Both men, House speaker John Boehner and House majority leader Kevin McCarthy, stood behind the pope on Thursday as he prepared to address a joint session of Congress. Boehner cried; McCarthy beamed.
The external contrast reflects a deeper difference between the two most powerful Republicans in Congress. McCarthy is social, upbeat, and optimistic. Boehner, as recently as last week, characterized his job this way: “Prisoners learn how to become prisoners, all right?”
Apparently not. On Friday morning, after Boehner told his conference that he would resign at the end of October, he announced his freedom to reporters. “It’s a wonderful day,” he said. Across town at the Omni Shoreham hotel, the conservative Family Research Council was hosting the Values Voter Summit, and the crowd erupted in cheers when it received the news. Somewhere on Capitol Hill, surely, Kevin McCarthy was smiling too.
Elected to Congress in 2006, the 50-year-old majority leader has risen through GOP ranks at lightning speed, shooting from chief deputy whip in 2009 to whip the following year, before ascending to majority leader after Eric Cantor’s surprise primary defeat in 2014. In a press conference on Monday, Boehner gave McCarthy his implicit endorsement, telling reporters he would make an “excellent speaker.”
In the wake of Boehner’s resignation, McCarthy is thus far the only candidate certain to contend for the speakership. Other names — Jeb Hensarling, Peter Roskam, Jim Jordan — are being bandied about, but none have yet committed to challenging the majority leader. Paul Ryan, who would be his most formidable challenger, has already ruled out a run. It remains to be seen whether a leadership fight will unfold, but if it does, McCarthy will be in it.
During his five years in leadership, Boehner has insisted that the right flank of his caucus was demanding he pick fights Republicans couldn’t win. Both he and McCarthy have emphasized the importance of gaining and preserving a Republican majority over securing ideological victories or putting forward conservative alternatives to Democratic legislation. Conservatives have in turn accused their leadership of caving too easily and even of being a tool of the Democratic party. Texas senator Ted Cruz once said Boehner will “presumably land in a cushy K Street job after joining with the Democrats to implement all of President Obama’s priorities.”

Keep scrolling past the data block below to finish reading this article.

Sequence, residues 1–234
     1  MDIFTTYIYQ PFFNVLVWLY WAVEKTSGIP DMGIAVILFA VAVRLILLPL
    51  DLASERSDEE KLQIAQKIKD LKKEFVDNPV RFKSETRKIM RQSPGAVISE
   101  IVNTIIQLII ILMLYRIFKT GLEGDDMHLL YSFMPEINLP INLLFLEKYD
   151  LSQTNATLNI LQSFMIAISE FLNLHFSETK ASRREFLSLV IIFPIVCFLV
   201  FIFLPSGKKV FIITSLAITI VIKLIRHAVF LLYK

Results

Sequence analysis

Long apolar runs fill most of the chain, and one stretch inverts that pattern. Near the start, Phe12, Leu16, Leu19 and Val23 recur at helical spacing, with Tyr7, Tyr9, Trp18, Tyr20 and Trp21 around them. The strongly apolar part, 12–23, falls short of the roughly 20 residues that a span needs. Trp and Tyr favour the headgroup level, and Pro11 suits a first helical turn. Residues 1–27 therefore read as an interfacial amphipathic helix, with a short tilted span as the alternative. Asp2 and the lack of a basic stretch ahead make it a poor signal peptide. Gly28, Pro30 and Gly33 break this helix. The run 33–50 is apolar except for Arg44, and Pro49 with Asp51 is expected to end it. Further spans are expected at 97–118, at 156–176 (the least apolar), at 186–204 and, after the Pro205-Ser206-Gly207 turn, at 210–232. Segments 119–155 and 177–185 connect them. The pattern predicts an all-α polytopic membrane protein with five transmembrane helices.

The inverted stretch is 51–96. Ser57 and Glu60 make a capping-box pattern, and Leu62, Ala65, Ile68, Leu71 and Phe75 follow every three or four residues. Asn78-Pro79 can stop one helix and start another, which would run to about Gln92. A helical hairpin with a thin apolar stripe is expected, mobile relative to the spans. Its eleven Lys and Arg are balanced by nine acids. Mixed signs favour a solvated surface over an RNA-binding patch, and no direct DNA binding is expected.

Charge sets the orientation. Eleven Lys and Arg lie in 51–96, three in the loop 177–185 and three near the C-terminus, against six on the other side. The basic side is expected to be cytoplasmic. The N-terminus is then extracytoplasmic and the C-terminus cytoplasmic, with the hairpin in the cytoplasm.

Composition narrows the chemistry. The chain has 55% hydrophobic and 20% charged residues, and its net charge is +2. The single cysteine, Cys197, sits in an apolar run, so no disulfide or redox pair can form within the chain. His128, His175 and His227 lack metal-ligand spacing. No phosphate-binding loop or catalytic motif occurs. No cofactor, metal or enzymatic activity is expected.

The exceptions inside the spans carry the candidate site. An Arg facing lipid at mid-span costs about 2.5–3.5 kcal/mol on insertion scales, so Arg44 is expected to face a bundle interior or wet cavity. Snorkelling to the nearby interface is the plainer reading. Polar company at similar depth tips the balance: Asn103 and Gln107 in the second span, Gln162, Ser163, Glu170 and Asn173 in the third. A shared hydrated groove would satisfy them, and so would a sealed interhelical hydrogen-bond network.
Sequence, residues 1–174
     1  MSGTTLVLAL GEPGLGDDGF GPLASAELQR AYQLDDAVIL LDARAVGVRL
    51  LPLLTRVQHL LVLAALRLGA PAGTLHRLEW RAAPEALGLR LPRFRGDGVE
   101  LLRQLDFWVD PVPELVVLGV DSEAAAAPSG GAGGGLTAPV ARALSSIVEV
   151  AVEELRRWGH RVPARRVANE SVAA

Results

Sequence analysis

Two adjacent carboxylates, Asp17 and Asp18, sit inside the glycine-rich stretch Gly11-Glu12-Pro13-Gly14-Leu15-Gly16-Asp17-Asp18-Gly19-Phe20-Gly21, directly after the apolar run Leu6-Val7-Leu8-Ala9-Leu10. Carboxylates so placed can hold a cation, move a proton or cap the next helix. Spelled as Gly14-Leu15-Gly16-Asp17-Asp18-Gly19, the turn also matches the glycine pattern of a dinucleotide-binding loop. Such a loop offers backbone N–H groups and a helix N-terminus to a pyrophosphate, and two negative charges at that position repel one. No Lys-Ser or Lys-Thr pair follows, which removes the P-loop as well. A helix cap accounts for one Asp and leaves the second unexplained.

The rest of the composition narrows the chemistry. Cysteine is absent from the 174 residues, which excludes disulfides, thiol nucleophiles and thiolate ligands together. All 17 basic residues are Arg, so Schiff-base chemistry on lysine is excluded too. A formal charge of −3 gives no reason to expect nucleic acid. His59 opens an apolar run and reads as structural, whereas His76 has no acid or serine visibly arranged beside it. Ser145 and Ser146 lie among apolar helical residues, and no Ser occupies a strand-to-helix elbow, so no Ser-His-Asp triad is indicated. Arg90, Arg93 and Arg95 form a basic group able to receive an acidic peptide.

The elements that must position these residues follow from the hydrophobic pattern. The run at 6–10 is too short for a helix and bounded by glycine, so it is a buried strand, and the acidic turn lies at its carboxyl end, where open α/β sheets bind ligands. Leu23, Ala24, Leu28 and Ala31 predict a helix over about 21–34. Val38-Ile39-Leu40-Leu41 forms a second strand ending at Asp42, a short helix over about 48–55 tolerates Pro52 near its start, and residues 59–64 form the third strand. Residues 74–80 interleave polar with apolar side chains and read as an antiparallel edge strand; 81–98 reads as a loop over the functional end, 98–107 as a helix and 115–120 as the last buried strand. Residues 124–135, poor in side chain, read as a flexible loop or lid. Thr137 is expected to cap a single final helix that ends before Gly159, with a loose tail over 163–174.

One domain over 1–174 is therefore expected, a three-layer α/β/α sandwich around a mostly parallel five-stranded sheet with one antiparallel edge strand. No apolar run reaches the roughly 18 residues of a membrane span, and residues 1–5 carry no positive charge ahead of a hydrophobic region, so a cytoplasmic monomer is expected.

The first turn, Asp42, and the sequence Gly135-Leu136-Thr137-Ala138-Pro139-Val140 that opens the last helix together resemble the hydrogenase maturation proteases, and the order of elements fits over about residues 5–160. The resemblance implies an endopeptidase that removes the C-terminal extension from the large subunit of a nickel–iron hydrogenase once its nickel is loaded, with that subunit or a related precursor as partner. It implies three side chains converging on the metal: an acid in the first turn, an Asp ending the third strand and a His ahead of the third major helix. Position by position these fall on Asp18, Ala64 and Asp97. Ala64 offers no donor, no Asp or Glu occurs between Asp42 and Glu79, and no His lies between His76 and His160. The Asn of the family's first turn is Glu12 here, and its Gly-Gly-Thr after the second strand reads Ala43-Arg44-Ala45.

Some reports indicate that conservatives, particularly the 40 to 50 members of the rebellious House Freedom Caucus that has made Boehner’s life so difficult, could warm to McCarthy even though he remains ideologically opaque. Why? Surely, the specter of Boehner’s forced resignation, and the role they played in precipitating it, are things they won’t let McCarthy soon forget.
Many of them also owe him thanks for their jobs. McCarthy, whom Boehner appointed the GOP’s chief recruiter for the 2010 midterm elections, helped shepherd 87 new GOP members into Congress that year. A good number of them have contributed to Boehner’s misery: Tim Huelskamp of Kansas, Scott DesJarlais of Tennessee, Mick Mulvaney of South Carolina, Reid Ribble of Wisconsin. The list goes on.
No, let’s not give it to another establishment RINO like Kevin McCarthy. Let’s make Trey Gowdy Speaker of the House, or another real Conservative.
While I think the Republicans should send Obama the continuing resolution without funds for Planned Parenthood and let him veto the spending and fight to show that Obama shut the government down, not them, as long as the media is completely on the side of the liberal agenda, fighting any such battle is difficult if not impossible. Of course, if Republicans continue to lose those publicity battles, they will lose the electoral battles and lose legislative control. We saw what that was like.
I don’t know what the answer is.
@Bill #2 –
I don’t know what the answer is either, but the self-inflicted wounds need to stop. When I read this post at Power Line, it makes you wonder what they’re doing there, including those who are the most conservative:
If it’s to move up a rung, or two, in the leadership ladder, then they’re not working for the better of the nation.
There needs to be someone ” fresh”. Mccarthy is no different than boehner. Newt, trey or gohmer would be great choices.
I don’t know enough about McCarthy ‘s voting record or positions yet.
That being said, it almost seems like this is an attempt by the GOP elitists to try to hold conservatives and grass roots republicans at bay, by hoping Boehner’s scalp will smooth things with the base. I think this is another uncomprehendingly desperate gambit.
Trump, for all his vague statements and attention-grabbing schtick, has tapped into the real anger and frustration of the republican base. The sense that the grassroots have of the elitists being disconnected as they roll over time and time again for the ultra leftist insanity of Obama and the persistent acts of bowing down to the disgusting criminal Reid has enraged real Americans who voted for the filthy leftist rot to be cleaned out when they gave republicans control of the House in 2010, and the senate last year. The voters through out Cantor, for crying out loud, yet the elitists want to sneer and call the base vulgar and too stupid to know their own good.
Bottom line, if McCarthy follows in Boehner’s incompetent, Obama-submitting footsteps, the sparks of the current GOP rebellion will fully ignite into a firestorm. The elitists have sold out the base too many times.
Scan down to the graphic.
There are very few members of Congress more Hard-Core Conservative than he is according to what he SAYS.
Now, what has he DONE?
All you need to know is that McCarthy is the chosen lieutenant of the Weeper, a man who was notorious for crucifying anybody in the Party who disagreed with him.